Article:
The media industry experienced an uptick in M&A activity this year, and 2016 will be even busier—at least according to data from AdMedia Partners' annual survey of media executives.
In its 22nd annual survey, AdMedia reached out to over 6,000 advertising, marketing, and digital and print media executives during Q4 2015—both in the U.S. and abroad—with an online poll designed to get their take on the industry's M&A outlook.
Over two-thirds of respondents were approached by a buyer this year—68 percent, to be exact, up from 63 percent last year—while more than half (53 percent) were approached by a strategic buyer, as opposed to a financial investor. Additionally, 29 percent of respondents said they received an offer, up from 23 percent last year.
Despite the significant increase in interest, however, the number of respondents involved in actual transactions remained flat. Just 29 percent of respondents made one or more acquisitions in 2015, down from 35 percent last year. The 12 percent of respondents who were acquired by a strategic buyer was just slightly above 2014's 11 percent.
Said one respondent, "Strategic buyers will more and more often come from outside the industry—consultants and other businesses will morph to get a piece of the explosive communications business."
Perhaps most notably, the number of respondents involved in mergers saw a dramatic decrease, down to just three percent of respondents; 11 percent reported being involved in a merger last year.
The outlook for 2016 is somewhat optimistic. Nearly two-thirds of respondents (63 percent) expect to seek an acquisition target next year, consistent with the 62 percent in last year's survey. At the same time, though, 54 percent plan to explore a sale of their company in 2016, up sharply from 40 percent in 2015, and only 21 percent will seek investment funding, down from the 35 percent in last year's survey.
The most common targets for acquisition are in analytics and digital, with 51 percent of respondents saying they're considering expanding or acquiring businesses in each of those categories. Social marketing and custom content/native advertising follow closely behind, at 46 percent each.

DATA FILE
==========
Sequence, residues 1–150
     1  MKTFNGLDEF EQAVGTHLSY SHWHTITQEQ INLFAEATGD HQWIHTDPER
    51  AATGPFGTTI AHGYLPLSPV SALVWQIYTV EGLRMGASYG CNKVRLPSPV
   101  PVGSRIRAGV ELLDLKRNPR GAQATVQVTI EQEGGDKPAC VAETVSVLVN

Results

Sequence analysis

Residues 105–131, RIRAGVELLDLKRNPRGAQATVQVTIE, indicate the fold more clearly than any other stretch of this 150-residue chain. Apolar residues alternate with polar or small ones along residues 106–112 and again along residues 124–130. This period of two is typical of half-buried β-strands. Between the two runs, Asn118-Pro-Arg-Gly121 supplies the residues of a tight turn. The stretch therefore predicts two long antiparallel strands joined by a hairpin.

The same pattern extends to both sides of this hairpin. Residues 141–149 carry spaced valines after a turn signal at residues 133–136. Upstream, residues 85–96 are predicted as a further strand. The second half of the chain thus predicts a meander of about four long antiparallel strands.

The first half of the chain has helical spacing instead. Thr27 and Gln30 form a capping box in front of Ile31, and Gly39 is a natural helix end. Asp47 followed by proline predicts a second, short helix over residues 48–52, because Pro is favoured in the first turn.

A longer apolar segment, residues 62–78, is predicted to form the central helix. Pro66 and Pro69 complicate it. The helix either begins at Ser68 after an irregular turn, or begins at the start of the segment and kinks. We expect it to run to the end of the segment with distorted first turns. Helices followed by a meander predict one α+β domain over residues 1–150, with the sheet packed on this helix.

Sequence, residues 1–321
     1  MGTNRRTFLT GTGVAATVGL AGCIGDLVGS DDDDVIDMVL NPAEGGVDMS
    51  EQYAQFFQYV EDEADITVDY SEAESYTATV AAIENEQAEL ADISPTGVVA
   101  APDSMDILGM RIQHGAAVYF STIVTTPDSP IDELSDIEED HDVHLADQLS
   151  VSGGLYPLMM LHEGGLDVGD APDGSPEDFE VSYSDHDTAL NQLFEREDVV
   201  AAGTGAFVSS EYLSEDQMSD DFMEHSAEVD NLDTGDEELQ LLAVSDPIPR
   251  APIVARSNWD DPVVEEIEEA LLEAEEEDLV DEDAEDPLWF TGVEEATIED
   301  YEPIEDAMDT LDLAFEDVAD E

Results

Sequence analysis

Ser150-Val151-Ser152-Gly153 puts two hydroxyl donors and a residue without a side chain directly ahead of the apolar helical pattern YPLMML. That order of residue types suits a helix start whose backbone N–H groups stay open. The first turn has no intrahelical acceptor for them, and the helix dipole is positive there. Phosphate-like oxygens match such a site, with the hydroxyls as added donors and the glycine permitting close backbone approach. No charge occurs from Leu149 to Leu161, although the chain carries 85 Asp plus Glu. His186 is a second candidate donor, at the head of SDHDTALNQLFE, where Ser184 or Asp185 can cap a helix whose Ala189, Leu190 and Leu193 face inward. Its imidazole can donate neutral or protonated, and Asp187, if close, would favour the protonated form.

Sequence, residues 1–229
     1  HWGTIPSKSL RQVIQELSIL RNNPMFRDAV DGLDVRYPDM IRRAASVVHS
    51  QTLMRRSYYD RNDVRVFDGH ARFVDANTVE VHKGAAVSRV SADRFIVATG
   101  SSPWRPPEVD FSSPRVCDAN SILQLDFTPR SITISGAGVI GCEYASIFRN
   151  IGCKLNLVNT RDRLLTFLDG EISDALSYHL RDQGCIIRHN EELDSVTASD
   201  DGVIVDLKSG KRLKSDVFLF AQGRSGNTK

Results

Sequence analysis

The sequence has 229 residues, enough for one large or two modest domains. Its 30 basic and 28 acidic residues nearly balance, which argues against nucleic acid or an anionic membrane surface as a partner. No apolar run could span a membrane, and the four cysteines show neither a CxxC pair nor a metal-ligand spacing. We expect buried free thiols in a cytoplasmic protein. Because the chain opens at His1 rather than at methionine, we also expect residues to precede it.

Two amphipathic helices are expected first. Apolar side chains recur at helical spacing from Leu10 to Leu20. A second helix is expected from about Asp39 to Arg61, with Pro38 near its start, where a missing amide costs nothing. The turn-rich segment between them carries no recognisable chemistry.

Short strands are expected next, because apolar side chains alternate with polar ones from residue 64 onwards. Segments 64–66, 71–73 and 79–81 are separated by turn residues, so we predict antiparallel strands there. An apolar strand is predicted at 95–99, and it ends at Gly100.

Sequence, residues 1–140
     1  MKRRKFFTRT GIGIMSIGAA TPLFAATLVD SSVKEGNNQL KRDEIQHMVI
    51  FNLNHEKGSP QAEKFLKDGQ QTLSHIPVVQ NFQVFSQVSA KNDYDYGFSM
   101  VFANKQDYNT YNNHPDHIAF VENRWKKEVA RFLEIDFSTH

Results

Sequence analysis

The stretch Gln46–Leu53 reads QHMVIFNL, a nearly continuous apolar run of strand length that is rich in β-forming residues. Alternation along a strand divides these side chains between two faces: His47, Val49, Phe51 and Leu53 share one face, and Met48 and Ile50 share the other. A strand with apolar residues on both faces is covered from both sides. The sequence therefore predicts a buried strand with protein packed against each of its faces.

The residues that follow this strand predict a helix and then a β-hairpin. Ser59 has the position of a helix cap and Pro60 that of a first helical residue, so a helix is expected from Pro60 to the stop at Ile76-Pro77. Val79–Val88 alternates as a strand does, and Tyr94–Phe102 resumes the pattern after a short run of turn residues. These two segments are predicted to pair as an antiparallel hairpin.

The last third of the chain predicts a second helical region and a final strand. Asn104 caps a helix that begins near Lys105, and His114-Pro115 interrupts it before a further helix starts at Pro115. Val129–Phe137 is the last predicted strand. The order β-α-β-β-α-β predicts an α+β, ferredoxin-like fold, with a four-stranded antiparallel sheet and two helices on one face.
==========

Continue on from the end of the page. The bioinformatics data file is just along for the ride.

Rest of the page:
Although still relatively minor in terms of overall interest, market research was the category that saw the largest increase, with 25 percent of respondents considering acquiring businesses in that area, up from 18 percent last year. Interest in mobile marketing acquisitions saw the biggest drop, from 50 percent last year to just 36 percent for 2016.
"The drive will be to continue to pursue broader service offerings," said another respondent. "Buyers will be looking to purchase firms in areas where they do not have a capability. Sellers will be looking to develop a more integrated offering to become more attractive to buyers."
Regardless of their own plans, 81 percent of respondents anticipate that M&A activity by strategic buyers will be up in 2016. Less than half (44 percent) expect the same increase in activity on the part of financial investors.
Unsurprisingly, media executives expect their business to become increasingly digital in the near future. Over half (54 percent) say that their businesses are less than 40 percent digital currently. Just 26 percent say that will still be the case two years from now, while nearly one-third (31 percent) predict that their business will be 80 percent digital by then.
Similarly, a 63-percent majority say that, currently, less than 20 percent of their business takes place on mobile devices, but only 24 percent expect things to remain that way by 2018.
"New programs streamlining content distribution, plus advances in technologies like virtual reality, will probably change the landscape."
For the first time in at least a decade, over three-quarters of respondents would advise both buyers and sellers to act now (79 percent for each), a strong indication that the stage could be set for a boom in activity next year with eager parties on both sides.
"The pace of change is great, so companies in a strong enough position to sell should do so," concluded one executive. "The future is more uncertain than ever."